Burning Diaries Part 2

My last post hit a nerve.


It was a big surprise to me that my previous post, “Burning My Past” received so many lengthy comments and appeals via Facebook, private messages, email and in the comments section of the blog.

When I wrote it, I had pretty much decided to burn my diaries.  Then the responses started coming in.  Burn! Don’t burn!  The arguments for each were so passionately presented. I was deeply touched and had to rethink.

I reread a diary from 2005-06.  In that time period, in addition to writing about my daily life as a mother living a tropical life with two children, my marriage ended, a  lifelong family friend died, then my father died, followed by the deaths of my lover, another dear friend, and my mother.  I got a divorce.  I commuted from Merida to Tenafly, NJ to sell and clean out my parents’ home.

So much heaviness. Too much.  Did I really need to relive all of that?  Did it serve a purpose?  Maybe to remind me that I got through it all and still managed to feel gratitude and joy.

Your comments made me remember something I had forgotten.  What makes a diary truly authentic is that it is a private document you write for yourself, not thinking of an outside or future reader.  No longer will I view them as something I leave to others.  My diaries serve me and when they no longer do, they will go.

My dear friend Mariana told me that making no decision, is in fact, a decision.  I have decided to put the diaries back in the box and see how I feel in a few months.  Temporary stay of execution.

Thank you, dear readers, for your passion!

xo Liza

P.S.  If you have any new thoughts, or if you didn’t chime in on last week’s post, the comment box below is waiting for you.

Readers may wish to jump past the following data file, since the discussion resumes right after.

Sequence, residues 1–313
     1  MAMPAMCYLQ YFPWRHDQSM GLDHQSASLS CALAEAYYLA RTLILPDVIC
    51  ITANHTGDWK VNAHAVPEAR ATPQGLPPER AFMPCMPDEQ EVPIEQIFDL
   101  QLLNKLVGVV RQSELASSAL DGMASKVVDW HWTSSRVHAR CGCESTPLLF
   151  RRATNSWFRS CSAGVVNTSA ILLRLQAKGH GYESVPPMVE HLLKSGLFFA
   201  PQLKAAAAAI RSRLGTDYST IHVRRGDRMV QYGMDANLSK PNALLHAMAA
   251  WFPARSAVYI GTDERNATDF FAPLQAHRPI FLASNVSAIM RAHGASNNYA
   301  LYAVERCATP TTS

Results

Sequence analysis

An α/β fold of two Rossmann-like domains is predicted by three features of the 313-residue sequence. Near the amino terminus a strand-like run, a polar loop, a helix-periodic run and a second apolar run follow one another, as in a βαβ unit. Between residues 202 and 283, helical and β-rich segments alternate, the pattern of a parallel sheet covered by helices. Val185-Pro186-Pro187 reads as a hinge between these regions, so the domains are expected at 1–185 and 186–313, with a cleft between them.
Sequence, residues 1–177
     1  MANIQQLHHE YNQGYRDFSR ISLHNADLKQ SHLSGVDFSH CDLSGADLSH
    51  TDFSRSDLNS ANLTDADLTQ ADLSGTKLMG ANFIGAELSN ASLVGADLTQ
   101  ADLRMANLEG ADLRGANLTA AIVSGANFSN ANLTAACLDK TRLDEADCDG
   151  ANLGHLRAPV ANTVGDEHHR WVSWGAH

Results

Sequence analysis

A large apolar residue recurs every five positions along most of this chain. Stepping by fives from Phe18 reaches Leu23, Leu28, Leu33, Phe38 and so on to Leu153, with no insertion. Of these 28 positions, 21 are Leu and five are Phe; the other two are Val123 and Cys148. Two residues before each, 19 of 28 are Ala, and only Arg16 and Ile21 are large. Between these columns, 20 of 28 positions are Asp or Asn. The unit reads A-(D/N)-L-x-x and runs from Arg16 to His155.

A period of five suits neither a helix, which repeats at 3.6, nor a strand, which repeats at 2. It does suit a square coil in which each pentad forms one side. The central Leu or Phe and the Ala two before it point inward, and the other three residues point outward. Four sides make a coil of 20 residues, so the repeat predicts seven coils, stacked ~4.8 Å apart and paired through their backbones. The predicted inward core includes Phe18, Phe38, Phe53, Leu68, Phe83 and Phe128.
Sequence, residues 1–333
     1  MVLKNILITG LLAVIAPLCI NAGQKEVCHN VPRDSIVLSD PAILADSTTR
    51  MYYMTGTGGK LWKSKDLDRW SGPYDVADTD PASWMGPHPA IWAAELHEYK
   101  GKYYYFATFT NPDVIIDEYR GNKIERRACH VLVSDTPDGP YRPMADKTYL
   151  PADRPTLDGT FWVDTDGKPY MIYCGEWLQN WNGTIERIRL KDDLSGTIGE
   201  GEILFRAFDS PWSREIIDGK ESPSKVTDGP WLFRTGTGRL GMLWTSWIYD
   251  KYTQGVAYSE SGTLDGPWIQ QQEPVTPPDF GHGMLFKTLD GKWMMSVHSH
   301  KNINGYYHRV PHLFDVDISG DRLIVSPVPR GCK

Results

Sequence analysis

P.P.S.  Marie Kondo of a past post, “My Tidy Life” would say, toss them.  She feels that, “paper never makes you happy.”


Hello my lovelies.  Now its your turn to tell us what you think in the comments box below.  We all learn from what YOU have to say.  Please click the clever buttons below to “like” and “share” this post.  And if you haven’t already, enter your email in the box above so you won’t miss a thing.


12 thoughts on “Burning Diaries Part 2

  1. A wise decision. Making no decision is a decision… really like that. May steal it sometime 🙂 Maybe you could just get an ultra strong lock for your box and leave them there under the assumption (ha ha) that no one else will ever try to read them.

  2. Sometimes inaction is the best action. You will know when the time is right to dispose of the diaries–or not.

  3. When cleaning out my parents’ house I came across years and years of journals kept by my father. Obviously his decision was to keep them. When I told my sister that I had read through them she said, “Isn’t that an invasion of his privacy?” It’s an interesting question. So, by not tossing them, am I now tasked as Gate Keeper for the secrets hidden within?